Obama waves to reporters as they shout questions to him regarding the fiscal… (Charles Dharapak / Associated…)
WASHINGTON — President Obama trimmed his demand for tax increases on the wealthy Monday, making a substantial counteroffer as he and House Speaker John A. Boehner reconvened privately at the White House.
Crucial differences remain, but the quickened pace of the budget talks suggested the men are engaged in a serious effort to bridge the partisan divide before the holidays — and before the year-end "fiscal cliff" leads to economically dire tax increases and spending cuts.
The president offered to raise tax rates on household income above $400,000, according to a source familiar with the talks who was not authorized to speak publicly about them. The rate would rise from 35% to 39.6%. The president campaigned for reelection on a plan to require households with incomes above $250,000 to pay more, and, until recently, had emphasized that his victory and postelection polls showed that the public agreed with him.
Obama's overture came after Boehner suggested Friday in a phone call that he would be willing to raise tax rates for those earning more than $1 million — a major concession for the Ohio Republican, who had resisted any increase in the top rates. Aides on both sides were buoyed after that conversation, even though the White House rejected the offer.
After Monday's session, both sides remained optimistic. One senior administration official who requested anonymity to discuss the White House's thinking said the talks reflected "a more robust level of engagement."
Boehner panned the president's proposal, however, in an indication of the difficulty the speaker will have convincing his party's conservative flank to approve any deal with a tax rate increase.
Obama's offer "cannot be considered balanced," said Boehner spokesman Michael Steel. "We hope to continue discussions with the president so we can reach an agreement that is truly balanced and begins to solve our spending problem."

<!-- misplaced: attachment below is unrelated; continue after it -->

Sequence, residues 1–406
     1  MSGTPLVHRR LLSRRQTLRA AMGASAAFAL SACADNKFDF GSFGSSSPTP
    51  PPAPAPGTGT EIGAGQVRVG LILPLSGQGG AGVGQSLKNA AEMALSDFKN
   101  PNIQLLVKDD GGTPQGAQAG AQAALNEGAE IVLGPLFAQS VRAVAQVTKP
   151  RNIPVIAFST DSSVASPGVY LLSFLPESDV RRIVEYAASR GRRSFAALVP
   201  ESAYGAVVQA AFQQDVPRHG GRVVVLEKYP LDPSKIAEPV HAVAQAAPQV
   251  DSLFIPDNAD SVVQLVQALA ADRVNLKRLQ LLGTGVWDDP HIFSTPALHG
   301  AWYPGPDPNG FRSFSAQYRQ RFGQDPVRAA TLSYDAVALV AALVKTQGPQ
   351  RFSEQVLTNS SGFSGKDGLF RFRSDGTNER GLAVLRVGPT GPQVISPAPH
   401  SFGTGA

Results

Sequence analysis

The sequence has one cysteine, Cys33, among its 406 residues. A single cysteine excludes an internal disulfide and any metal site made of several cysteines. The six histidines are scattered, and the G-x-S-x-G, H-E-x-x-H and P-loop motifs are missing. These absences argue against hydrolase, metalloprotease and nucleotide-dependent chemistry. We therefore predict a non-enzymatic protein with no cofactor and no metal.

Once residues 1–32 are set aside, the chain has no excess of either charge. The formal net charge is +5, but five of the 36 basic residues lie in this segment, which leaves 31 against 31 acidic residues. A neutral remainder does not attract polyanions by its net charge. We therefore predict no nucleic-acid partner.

After weeks of sputtering negotiations, the two sides have substantially narrowed their differences. The latest White House offer would yield $1.2 trillion in new revenue over a decade, to be matched with a similar amount of spending reductions.
Boehner's latest proposal was for $1 trillion in new revenue, and talks at the White House earlier Monday involved $1 trillion in cuts.
Obama is now offering twice as much in cuts as he initially put on the table. His proposal includes shaving $400 billion from healthcare programs and a similar amount from other domestic spending. Safety net programs also would be reduced, a prospect making Democrats uneasy.
One change sure to face intense resistance from Obama's allies on Capitol Hill would trim the annual cost-of-living adjustment for those receiving government assistance, probably including Social Security, with protections only for the oldest and poorest Americans.
Yet Obama also proposes to continue long-term unemployment benefits, as well as added infrastructure spending, nodding to other Democratic priorities. He dropped plans to extend the expiring payroll tax break, which Democrats have backed as necessary for economic stimulus, and intends to expedite tax and spending overhauls.
Failure to reach consensus by the end of the month would result in $500 billion in federal spending cuts and tax increases that would mean an estimated $2,200 hike on the average American family.
Boehner will meet Tuesday morning with rank-and-file GOP lawmakers, where he is expected to air the latest proposals and gauge the reaction — particularly from the more conservative House members who constitute the majority of his caucus.
Republicans will almost certainly balk at how the White House calculates the value of the president's proposed deficit reduction package, rejecting the administration's approach of counting accrued savings from last year's budget agreement and from winding down the wars in Iraq and Afghanistan. Including those measures, the White House says, the president's plan would reduce the deficit by more than $4 trillion over a decade.
The GOP also may be critical of Obama's plans to halt most of the automatic spending cuts, which are scheduled to take effect next year.
One key area where stark differences remain is the nation's debt ceiling, which must rise early next year to allow the country to pay its bills.
Boehner offered to increase the federal government's borrowing capacity for another year if the White House agreed to an equal amount of spending cuts, as has been his long-stated position.
Obama's counteroffer seeks a two-year extension of the debt limit, which would be difficult for Boehner's conservative Republicans to accept with the level of cuts now on the table from the administration.
The 45-minute meeting Monday at the White House was the third direct negotiation between Obama and Boehner in little more than a week.
The House had been scheduled to start its holiday vacation Monday. Instead, it joined the Senate in Washington the week before Christmas.
Michael A. Memoli in the Washington bureau contributed to this report.